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Published 29 noviembre 2017
Today (Wednesday 29 November), the Court of Justice for the European Union (CJEU) has given its long-awaited judgment in the case of King v Sash Window Workshop Ltd and, in doing so, has opened the door to claims for unpaid holiday going back years.
This is another important holiday pay case and has significant implications for the right to holiday pay in the UK. It states that workers who are wrongly classified as self-employed contractors can claim back pay in respect of unpaid annual leave going back many years when their ‘worker’ status is established. The CJEU has stated that where an employer has not provided a worker with paid leave, the right to paid leave carries over until she or he has the opportunity to exercise it and, on termination of employment, the worker has the right to payment in lieu of leave that remains outstanding.
Reacting to the AG's opinion, Nick Chronias, Partner in the Employment & Pensions Group at international law firm DAC Beachcroft, said:
"This decision expands the scope of the right to carry over holiday to situations where individuals are prevented from taking their leave for reasons other than sickness absence. It means that if an individual is found to be a worker and can say he or she would have retrospectively taken more holidays had he or she been paid for them, then the worker would be entitled to carry over the holidays until he or she is paid for them on termination.
The CJEU has said that there should not be any limit on carry-over, which could mean that individuals may claim holiday pay going back a number of years. This principle might not be limited to individuals found to be a worker; it might apply to those who have had long-term absences or have not taken their leave for reasons other than sickness.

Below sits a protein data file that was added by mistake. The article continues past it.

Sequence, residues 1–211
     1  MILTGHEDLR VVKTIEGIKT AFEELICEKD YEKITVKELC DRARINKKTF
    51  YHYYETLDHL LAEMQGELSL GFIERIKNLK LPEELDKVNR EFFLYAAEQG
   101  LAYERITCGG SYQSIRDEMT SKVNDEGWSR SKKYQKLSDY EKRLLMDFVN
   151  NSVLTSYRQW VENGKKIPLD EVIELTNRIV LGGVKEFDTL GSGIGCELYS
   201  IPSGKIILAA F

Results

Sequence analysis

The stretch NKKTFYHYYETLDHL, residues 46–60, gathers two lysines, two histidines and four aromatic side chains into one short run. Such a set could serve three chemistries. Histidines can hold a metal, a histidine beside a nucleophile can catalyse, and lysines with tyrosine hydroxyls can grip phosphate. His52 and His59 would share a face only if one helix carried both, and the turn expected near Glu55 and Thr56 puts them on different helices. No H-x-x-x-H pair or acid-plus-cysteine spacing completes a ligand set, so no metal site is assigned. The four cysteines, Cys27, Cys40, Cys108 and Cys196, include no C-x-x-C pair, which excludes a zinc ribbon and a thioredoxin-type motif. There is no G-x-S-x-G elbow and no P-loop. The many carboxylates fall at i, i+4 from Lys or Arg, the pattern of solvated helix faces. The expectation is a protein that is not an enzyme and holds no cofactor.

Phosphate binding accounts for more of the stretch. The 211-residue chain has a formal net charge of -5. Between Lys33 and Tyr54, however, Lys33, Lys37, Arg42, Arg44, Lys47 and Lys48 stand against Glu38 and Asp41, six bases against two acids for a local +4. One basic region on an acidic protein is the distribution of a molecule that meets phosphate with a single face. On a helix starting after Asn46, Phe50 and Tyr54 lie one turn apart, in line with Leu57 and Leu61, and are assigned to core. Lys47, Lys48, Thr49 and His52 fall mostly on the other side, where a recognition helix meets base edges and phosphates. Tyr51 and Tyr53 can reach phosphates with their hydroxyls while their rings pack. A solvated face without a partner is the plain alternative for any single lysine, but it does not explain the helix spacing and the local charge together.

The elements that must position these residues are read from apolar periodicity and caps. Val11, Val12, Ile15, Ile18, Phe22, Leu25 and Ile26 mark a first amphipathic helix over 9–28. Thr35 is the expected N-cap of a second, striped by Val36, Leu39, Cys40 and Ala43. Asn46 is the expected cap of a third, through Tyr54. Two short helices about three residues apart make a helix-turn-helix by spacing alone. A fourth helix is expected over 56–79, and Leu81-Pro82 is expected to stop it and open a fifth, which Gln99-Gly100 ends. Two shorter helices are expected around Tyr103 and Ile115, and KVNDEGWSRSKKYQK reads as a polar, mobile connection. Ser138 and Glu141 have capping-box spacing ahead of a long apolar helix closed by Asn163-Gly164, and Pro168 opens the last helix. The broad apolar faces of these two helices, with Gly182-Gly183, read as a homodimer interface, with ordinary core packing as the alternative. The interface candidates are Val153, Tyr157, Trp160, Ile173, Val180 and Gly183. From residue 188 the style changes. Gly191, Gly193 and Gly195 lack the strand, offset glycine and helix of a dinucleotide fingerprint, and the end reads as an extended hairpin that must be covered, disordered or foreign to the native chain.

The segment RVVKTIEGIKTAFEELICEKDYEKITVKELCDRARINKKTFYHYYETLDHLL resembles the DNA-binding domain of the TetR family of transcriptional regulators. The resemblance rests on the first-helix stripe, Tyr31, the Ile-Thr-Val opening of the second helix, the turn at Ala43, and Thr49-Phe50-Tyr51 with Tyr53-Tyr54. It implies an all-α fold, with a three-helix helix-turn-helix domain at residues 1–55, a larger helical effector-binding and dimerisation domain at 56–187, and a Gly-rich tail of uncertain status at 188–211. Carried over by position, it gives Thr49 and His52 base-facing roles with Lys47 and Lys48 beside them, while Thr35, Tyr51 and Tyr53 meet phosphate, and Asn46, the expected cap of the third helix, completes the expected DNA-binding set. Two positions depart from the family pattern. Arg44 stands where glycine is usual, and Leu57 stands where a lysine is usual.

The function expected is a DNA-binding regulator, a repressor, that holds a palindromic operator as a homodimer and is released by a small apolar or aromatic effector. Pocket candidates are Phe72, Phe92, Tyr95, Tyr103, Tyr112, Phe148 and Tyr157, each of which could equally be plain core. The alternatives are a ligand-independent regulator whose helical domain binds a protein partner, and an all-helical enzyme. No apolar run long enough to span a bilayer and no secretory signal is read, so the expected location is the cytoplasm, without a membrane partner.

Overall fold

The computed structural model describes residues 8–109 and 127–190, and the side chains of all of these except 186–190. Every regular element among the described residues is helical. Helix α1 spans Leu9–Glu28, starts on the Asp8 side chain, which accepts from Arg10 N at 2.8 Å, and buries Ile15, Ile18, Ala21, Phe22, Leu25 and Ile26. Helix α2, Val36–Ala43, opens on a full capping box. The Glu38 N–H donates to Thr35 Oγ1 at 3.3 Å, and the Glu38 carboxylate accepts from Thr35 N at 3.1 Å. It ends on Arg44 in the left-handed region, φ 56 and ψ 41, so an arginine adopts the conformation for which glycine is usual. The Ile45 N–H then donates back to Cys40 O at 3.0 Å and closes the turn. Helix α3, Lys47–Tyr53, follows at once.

The case is particularly topical given the recent high-profile worker status cases involving Uber and Deliveroo and others. The CJEU said that it is irrelevant if the employer wrongly concludes that an individual is not entitled to paid holiday because he or she is self-employed. It is up to the employer to get this right and if it doesn't allow a worker to exercise his rights it must bear the consequences. This adds another layer of complexity for the government to consider on whether to change our laws on employment status in light of the Taylor report.
Finally, this case also suggests that the Regulations introduced to limit the backdating of claims for unpaid wages to two years may be incompatible with EU law. There are likely to be cases to explore this. If they went in favour of the employee, this would be bad news for employers facing claims for non-payment of overtime in the first four weeks of holiday pay."